With over five decades of collective and individual achievements among them, Eagles have reached rarified air. Nearly all the original members of the country-rock group that are on speaking terms with founding member Don Henley are still alive, still in remarkably good health, and somehow looking far younger than their actual ages. Their music still sells at a comfortable clip as well as popping up with regularity on classic rock radio and streaming playlists named “OK, Boomer.”
In 2023, the Eagles are now more an institution than a musical group. And like most artists of their vintage, seeing the group live becomes a matter of both excitement and trepidation. How well or poorly can these men replicate the songs of their youth?
The answer to that question: impressively well. On Sunday night at Portland Oregon’s Moda Center, as the band opened up their 2023 North American tour (get tickets here), they hit nearly every mark and still managed to toss a few surprises into their three-hour set.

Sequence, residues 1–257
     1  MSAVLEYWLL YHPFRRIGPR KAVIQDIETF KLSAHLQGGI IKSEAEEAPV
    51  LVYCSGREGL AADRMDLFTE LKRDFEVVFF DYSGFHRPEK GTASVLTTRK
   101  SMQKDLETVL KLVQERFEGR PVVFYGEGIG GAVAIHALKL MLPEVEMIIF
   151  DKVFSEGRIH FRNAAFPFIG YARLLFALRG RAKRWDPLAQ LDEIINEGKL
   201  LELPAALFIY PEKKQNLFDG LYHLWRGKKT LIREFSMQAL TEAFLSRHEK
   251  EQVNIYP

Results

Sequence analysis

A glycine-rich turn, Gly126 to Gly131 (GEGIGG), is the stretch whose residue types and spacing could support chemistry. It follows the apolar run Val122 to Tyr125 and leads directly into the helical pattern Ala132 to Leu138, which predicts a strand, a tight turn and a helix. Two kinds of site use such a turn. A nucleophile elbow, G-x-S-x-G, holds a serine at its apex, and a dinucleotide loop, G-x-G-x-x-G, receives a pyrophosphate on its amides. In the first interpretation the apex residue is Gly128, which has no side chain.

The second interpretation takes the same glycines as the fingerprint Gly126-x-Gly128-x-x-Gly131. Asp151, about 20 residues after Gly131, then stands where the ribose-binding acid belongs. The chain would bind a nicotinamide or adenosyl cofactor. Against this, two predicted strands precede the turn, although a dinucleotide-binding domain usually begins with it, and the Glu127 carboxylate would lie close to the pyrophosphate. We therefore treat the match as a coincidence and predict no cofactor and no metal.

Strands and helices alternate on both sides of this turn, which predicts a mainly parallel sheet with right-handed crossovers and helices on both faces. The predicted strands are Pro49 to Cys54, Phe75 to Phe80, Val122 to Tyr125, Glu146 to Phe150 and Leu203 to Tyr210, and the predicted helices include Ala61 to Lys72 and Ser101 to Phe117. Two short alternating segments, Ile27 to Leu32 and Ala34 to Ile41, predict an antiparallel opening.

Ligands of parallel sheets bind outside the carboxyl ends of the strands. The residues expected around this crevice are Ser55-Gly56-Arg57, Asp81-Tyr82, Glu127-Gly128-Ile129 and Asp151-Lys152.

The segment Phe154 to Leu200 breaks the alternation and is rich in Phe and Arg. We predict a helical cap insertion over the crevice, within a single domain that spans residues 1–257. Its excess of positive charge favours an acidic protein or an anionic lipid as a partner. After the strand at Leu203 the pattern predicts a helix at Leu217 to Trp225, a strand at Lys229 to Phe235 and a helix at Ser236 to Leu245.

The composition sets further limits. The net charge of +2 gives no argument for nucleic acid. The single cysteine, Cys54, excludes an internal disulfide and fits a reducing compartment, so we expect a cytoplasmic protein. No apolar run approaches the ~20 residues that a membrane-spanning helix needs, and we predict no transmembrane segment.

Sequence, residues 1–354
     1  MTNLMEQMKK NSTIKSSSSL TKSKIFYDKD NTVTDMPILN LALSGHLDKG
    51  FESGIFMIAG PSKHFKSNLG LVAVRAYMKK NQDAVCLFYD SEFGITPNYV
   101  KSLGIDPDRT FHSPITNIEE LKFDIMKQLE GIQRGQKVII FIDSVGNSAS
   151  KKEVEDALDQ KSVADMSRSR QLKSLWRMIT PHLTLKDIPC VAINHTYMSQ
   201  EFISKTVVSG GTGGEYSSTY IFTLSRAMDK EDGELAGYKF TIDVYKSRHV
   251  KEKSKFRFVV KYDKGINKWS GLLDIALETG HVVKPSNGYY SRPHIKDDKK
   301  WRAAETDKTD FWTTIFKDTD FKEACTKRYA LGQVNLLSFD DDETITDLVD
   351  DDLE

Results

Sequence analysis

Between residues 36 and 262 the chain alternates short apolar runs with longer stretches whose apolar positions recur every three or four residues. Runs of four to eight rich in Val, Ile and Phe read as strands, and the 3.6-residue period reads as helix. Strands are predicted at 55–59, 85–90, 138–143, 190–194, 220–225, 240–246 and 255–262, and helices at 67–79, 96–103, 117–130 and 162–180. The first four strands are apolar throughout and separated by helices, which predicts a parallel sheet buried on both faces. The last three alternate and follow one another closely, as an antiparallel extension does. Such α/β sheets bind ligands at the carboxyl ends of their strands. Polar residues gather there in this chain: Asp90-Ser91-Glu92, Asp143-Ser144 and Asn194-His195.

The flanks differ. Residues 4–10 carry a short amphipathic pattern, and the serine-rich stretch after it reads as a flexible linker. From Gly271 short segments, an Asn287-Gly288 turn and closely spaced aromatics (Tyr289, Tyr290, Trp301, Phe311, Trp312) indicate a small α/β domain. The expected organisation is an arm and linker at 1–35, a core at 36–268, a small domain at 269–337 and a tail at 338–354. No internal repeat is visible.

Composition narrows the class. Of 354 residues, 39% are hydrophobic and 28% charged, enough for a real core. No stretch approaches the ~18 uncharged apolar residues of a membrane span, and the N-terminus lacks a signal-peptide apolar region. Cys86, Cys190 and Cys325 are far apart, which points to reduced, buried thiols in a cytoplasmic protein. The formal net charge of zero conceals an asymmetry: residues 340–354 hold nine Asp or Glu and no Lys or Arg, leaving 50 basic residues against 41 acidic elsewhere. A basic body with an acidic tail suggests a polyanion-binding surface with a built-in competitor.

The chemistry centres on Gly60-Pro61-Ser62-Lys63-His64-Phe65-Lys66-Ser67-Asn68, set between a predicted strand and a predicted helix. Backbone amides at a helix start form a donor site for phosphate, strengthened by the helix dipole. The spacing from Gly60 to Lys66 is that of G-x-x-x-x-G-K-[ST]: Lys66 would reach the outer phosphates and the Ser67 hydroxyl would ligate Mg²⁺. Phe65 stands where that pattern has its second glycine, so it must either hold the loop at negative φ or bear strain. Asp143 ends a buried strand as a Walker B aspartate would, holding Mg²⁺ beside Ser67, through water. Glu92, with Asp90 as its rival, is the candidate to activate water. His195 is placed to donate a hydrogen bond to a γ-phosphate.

First, though, Eagles needed to deal with the business at hand. As this run of shows is dubbed the 2023 “Hotel California Tour,” the band got underway by playing their 1976 album in full. This included a corny bit of stagecraft with a wizened looking gent opening the night by traipsing slowly across stage with a copy of Hotel California under his arm before laying the LP on a turntable and dropping the needle. (The side flip was handled later by a buxom blonde in a suggestive black dress.)
From there, the Eagles — these days consisting primarily of Henley, bassist Timothy B. Schmit, guitarist Joe Walsh, and fantasy camp lottery winner Vince Gill — steadily knocked out each song on the record in order, with every moment recreated with care and accuracy. That meant pulling in members of the Oregon Symphony and a choir from the University of Portland to augment the lusher moments of “Wasted Time,” “Pretty Maids All in a Row,” and “Last Resort.” The album’s status as an all-timer is secure.
After a short break, the band returned to play, as Henley put it, “everything we know.” It was in the second set that the pleasant surprises and light stumbles came into play. The biggest moment of the night came when Henley introduced guest Deacon Frey to the stage.